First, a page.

Most people have probably not experienced what might be called, 'pure being,' when the mind is at absolute rest. When the mind can rest in the present moment, this is 'being' because the mind is not doing any specific activity at that time, it is simply aware. It does not go to the past or future, but quietly rests in the 'Now.' It is like a car with a perfectly tuned engine that is quietly idling in neutral gear, or a cat gently purring. (However, I am not saying that a cat has this kind of awareness). In the same way, the mind can rest in the present moment, with 'knowing', or 'awareness'. At that time it is not going anywhere or doing any neurotic activity, it is simply 'being'. When the mind rests in 'being' it feels like an artesian well, infusing the body and mind with energy. This is the universal life energy from which we are usually consciously cut off and have no idea of, because we are caught up in near constant doing and becoming.
So, how do we experience “being” or “awareness?” For starters we have to learn how to move more slowly and mindfully, to downshift the body and the mind so that they may be more integrated and abide more calmly. From time to time we need to stop what we are doing completely, come to the present moment of breathing/body, to reconnect and dip into silent awareness or “being.” When we get continually caught up in unmindful neurotic activity without taking any 'pure rest', we become cut off from the source of life. Our energy is drained at the end of the day and we became exhausted. This happens because we do not mindfully stop and pause during the day in order to get reconnected to the energy source.
There are a lot of misconceptions, even among Buddhists, about what meditation is all about. Some people think that meditation can be practiced only by monks who live in the jungle, that lay people can not really do it. Meditation is not pushing out the world and entering some abstract, hypnotic or blank state of mind. It is really getting in touch with the world. People have accused forest-dwelling monks of escaping from reality or the world. Actually it is opposite. People who indulge in alcohol, drugs, sex, movies and other sensory obsessions—they are the ones escaping from the world. Monks, or other serious meditators, directly confront the world, the world of the mind; there is no place else to go. Meditating monks cannot turn on the television, open the refrigerator and eat food whenever they want, rush off to the movies, or drive the block to distract themselves. They really confront the world through meditation. When you sit and hear loud distracting sounds, feel sharp pains in the body, and/or see your own confused mind and defilements, you don’t run away from them. Normally, people will do something to get rid of distractions or pain, For example, if you hear a loud sound, you shut the windows or turn on the stereo. If you have pain in the body, you take a pill. If it’s too hot you turn on the air conditioner. All of these are ways to escape from the pain of the real world.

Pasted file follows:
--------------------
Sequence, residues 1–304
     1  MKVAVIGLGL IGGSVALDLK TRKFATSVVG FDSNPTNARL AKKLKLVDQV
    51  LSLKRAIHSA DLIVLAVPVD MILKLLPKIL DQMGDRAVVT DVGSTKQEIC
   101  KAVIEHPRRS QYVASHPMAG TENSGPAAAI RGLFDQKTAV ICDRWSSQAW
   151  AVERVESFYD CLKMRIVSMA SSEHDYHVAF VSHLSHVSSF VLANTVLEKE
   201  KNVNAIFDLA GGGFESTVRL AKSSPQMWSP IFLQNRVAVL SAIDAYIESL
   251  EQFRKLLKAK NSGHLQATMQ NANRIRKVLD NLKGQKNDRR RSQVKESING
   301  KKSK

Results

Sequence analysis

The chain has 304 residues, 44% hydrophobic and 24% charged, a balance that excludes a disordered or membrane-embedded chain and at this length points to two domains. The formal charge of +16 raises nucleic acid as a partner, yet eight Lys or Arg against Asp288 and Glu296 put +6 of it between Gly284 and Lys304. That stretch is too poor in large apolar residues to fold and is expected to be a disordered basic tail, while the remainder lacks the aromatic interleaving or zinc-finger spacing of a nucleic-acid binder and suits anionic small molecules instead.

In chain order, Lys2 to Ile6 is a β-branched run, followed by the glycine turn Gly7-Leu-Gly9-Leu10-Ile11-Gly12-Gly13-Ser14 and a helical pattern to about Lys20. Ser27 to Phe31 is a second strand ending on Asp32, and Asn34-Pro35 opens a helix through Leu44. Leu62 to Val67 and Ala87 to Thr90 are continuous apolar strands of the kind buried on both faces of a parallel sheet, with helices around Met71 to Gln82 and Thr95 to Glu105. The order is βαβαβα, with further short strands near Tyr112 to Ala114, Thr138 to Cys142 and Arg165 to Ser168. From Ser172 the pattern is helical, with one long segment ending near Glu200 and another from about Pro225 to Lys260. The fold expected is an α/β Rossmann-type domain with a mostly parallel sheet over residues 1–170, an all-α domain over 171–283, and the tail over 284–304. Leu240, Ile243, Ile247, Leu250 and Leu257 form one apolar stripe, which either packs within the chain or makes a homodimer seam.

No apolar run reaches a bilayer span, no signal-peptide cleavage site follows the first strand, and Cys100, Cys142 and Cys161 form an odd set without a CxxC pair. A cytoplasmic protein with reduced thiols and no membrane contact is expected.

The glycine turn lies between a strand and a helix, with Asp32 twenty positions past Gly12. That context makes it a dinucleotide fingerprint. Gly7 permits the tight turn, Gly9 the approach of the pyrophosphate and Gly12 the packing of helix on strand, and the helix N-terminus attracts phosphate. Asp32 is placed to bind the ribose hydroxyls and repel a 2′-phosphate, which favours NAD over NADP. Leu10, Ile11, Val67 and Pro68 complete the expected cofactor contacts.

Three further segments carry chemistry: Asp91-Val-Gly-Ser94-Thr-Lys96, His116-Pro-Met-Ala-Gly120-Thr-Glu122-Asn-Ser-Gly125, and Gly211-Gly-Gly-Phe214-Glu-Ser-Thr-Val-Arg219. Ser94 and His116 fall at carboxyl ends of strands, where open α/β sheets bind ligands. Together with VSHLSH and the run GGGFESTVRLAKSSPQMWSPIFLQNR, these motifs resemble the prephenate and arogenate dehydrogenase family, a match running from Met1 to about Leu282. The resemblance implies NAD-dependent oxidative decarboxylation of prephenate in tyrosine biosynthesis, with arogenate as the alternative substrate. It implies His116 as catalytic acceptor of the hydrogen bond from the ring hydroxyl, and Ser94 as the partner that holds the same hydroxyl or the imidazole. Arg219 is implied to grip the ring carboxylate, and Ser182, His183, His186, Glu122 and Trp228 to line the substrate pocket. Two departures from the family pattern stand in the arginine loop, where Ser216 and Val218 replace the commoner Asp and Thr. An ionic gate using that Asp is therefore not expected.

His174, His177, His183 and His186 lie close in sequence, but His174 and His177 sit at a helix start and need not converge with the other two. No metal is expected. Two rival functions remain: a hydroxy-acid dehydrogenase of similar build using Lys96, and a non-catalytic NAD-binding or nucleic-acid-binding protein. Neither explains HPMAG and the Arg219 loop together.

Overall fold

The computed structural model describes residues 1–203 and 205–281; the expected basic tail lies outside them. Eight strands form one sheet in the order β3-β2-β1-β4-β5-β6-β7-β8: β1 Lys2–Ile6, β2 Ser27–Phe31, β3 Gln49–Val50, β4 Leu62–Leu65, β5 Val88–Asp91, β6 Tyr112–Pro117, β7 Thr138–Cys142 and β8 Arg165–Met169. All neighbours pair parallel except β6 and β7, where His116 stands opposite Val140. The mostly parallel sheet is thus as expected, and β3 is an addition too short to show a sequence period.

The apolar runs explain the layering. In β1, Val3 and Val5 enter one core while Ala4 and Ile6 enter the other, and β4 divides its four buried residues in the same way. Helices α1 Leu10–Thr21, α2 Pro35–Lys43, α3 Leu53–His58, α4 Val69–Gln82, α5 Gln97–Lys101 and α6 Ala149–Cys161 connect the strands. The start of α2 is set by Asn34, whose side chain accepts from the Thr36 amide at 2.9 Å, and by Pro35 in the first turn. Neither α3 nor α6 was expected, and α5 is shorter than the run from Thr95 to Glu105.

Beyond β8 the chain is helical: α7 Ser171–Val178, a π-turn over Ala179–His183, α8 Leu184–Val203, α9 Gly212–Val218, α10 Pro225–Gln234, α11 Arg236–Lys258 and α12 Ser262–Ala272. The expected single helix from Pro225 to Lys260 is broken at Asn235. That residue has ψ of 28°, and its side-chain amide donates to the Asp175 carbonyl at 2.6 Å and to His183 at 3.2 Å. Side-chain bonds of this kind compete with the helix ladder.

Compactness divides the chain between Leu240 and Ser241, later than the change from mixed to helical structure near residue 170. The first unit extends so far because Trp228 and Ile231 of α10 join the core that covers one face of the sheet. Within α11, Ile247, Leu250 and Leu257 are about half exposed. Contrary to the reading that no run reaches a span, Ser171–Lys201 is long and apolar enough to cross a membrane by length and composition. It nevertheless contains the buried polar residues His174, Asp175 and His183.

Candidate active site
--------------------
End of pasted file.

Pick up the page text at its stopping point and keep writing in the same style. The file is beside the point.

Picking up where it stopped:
We have to understand the nature of suffering. This is why the Buddha taught the Four Noble Truths: Suffering, the cause of suffering, the end of suffering, and the path leading to the end of suffering. Where is the word happiness? The Buddha mentioned suffering four times but does not directly mention anything about happiness. Why is that? Because there is no need to. All you have to do is know what suffering is, remove the cause of suffering; then, automatically you will be happy, you will reach the end of suffering. Some people misunderstand the Buddha’s teaching. They say, “Buddhism is pessimistic, it talks only about suffering.” They say, “I’m not suffering, my life is great; everything goes the way I want it. I don’t know why the Buddha mentions suffering so much.” This kind of person does not understand what the Buddha meant. This is looking only upon the superficial meaning of the words.